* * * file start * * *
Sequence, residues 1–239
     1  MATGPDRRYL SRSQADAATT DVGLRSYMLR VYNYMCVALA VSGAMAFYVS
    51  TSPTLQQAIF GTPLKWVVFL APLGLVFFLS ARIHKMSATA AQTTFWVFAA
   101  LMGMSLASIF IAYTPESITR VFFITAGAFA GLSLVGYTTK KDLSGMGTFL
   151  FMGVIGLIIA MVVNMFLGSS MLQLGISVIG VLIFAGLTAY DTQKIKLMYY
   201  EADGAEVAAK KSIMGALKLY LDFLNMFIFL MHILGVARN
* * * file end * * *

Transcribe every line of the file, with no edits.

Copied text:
Sequence, residues 1–239
     1  MATGPDRRYL SRSQADAATT DVGLRSYMLR VYNYMCVALA VSGAMAFYVS
    51  TSPTLQQAIF GTPLKWVVFL APLGLVFFLS ARIHKMSATA AQTTFWVFAA
   101  LMGMSLASIF IAYTPESITR VFFITAGAFA GLSLVGYTTK KDLSGMGTFL
   151  FMGVIGLIIA MVVNMFLGSS MLQLGISVIG VLIFAGLTAY DTQKIKLMYY
   201  EADGAEVAAK KSIMGALKLY LDFLNMFIFL MHILGVARN